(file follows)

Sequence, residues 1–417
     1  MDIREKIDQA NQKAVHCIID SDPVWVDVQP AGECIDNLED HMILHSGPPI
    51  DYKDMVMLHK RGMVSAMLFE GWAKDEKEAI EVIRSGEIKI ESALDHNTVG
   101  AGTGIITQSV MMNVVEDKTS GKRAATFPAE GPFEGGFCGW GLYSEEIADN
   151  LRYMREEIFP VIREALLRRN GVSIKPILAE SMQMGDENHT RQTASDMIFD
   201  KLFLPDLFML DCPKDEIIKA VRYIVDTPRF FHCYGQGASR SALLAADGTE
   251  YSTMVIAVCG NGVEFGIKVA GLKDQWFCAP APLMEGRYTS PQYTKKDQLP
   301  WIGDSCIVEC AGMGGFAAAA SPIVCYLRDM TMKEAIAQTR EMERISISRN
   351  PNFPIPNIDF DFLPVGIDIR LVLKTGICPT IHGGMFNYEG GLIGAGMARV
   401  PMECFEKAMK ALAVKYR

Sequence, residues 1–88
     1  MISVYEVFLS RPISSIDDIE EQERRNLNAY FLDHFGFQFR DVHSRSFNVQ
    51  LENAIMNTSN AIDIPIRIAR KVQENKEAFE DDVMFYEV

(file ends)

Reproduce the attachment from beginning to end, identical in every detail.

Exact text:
Sequence, residues 1–417
     1  MDIREKIDQA NQKAVHCIID SDPVWVDVQP AGECIDNLED HMILHSGPPI
    51  DYKDMVMLHK RGMVSAMLFE GWAKDEKEAI EVIRSGEIKI ESALDHNTVG
   101  AGTGIITQSV MMNVVEDKTS GKRAATFPAE GPFEGGFCGW GLYSEEIADN
   151  LRYMREEIFP VIREALLRRN GVSIKPILAE SMQMGDENHT RQTASDMIFD
   201  KLFLPDLFML DCPKDEIIKA VRYIVDTPRF FHCYGQGASR SALLAADGTE
   251  YSTMVIAVCG NGVEFGIKVA GLKDQWFCAP APLMEGRYTS PQYTKKDQLP
   301  WIGDSCIVEC AGMGGFAAAA SPIVCYLRDM TMKEAIAQTR EMERISISRN
   351  PNFPIPNIDF DFLPVGIDIR LVLKTGICPT IHGGMFNYEG GLIGAGMARV
   401  PMECFEKAMK ALAVKYR

Sequence, residues 1–88
     1  MISVYEVFLS RPISSIDDIE EQERRNLNAY FLDHFGFQFR DVHSRSFNVQ
    51  LENAIMNTSN AIDIPIRIAR KVQENKEAFE DDVMFYEV